A stunning new poll released Wednesday suggests that the continuing investigation by Special Counsel Robert Mueller of the 2016 election “is actually going to drive Republicans to vote this year for candidates endorsed by President Trump.”
Rasmussen Reports revealed that 31 percent of likely voters say the Mueller probe “will make them more likely to vote this year for a candidate endorsed by President Trump, while just as many (32%) say it will make them less likely to vote for such a candidate.”
However, “45 percent of Republicans say Mueller’s investigation will make them more likely to vote for a Trump-endorsed candidate this year…” Rasmussen noted.
Back in April, another Rasmussen survey revealed that 40 percent of likely voters “now consider Mueller’s probe a partisan witch hunt, an eight-point increase from 32% in the earlier survey.”
While Nancy Pelosi and her Democrat colleagues are looking for a big win in November and a flip of the House, if not the whole Congress, in January, these new numbers suggest she may be a bit too optimistic.
The Left may have more trouble than it needs, and that seems to trickle down to local politics. In Seattle, the city council appears poised to adopt a “head tax” on large and small businesses in the city to help finance programs for the homeless. Seattle policies have made the city a magnet for what many critics are starting to call “professional homeless” people who are coming from all over the map with their hands out. Tent camps, people living in parked cars, RVs, pickup trucks, vans and other vehicles are springing up all over the Seattle landscape.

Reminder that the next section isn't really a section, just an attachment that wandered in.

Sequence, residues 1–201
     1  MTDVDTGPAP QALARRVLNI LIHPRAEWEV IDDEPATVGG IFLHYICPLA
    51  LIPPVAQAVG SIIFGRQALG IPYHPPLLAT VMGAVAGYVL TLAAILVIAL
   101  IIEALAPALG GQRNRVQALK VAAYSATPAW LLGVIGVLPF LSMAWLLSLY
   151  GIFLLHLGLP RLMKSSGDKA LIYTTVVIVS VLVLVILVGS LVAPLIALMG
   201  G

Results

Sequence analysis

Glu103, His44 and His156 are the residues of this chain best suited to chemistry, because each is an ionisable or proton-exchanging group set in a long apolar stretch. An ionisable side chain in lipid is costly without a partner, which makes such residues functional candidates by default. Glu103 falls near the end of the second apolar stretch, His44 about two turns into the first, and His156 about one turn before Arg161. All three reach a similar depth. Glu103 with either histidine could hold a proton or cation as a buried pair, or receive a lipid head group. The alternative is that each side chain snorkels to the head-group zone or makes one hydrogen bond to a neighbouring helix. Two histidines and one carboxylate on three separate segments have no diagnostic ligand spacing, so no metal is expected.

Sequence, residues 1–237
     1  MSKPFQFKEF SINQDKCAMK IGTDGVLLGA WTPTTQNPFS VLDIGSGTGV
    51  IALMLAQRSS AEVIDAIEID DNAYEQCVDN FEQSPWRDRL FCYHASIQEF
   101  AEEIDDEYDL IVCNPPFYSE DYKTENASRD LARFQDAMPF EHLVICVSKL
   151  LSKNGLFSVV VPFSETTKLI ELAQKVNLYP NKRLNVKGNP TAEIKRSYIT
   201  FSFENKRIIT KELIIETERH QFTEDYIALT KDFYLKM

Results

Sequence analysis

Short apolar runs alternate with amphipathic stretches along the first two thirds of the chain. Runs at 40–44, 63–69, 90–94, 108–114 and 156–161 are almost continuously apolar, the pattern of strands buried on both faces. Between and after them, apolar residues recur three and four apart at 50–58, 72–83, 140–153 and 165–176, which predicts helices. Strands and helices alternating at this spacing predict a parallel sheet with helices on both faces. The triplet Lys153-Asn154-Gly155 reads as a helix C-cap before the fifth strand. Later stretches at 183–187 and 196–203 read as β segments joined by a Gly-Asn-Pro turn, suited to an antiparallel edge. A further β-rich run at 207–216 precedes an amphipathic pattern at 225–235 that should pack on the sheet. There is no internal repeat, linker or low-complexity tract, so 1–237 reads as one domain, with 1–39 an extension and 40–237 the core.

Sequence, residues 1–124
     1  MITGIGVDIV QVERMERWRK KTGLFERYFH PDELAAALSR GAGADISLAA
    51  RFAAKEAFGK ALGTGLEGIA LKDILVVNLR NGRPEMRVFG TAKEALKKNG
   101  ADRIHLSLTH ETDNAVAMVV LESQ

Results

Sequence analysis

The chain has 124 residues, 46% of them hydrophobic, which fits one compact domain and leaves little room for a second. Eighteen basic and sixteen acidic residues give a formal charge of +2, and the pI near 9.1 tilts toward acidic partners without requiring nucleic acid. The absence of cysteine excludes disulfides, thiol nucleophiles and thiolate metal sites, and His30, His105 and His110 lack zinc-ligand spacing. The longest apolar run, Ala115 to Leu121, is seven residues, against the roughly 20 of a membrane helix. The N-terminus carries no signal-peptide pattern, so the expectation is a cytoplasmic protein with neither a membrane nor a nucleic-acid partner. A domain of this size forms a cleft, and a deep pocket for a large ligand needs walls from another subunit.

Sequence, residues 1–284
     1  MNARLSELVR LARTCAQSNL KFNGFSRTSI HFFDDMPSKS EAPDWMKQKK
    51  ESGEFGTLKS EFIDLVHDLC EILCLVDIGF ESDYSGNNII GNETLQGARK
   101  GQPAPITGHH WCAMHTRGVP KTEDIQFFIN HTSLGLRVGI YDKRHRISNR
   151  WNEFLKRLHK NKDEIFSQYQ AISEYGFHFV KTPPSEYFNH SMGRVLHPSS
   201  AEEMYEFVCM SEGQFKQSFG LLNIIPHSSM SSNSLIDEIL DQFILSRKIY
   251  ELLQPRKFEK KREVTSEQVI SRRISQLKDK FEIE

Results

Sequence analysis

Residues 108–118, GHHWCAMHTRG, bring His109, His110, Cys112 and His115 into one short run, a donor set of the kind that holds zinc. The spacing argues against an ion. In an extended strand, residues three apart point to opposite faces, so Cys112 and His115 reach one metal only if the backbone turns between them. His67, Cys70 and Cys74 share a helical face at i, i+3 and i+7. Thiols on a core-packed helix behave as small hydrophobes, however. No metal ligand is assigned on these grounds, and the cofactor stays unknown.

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In the Seattle Times, two former mayors – Tim Burgess and Charles Royer – are telling the council that the “head tax” on employees is “a terrible idea.” A vote is pending.
Meanwhile, The Hill is reporting that eager Democrats are already starting an “invisible primary” in preparation for the 2020 presidential election. According to the story, “Would-be candidates are hitting the trail, sharpening their positions, seeking the right political “lane” and holding private conversations with donors about their prospects.”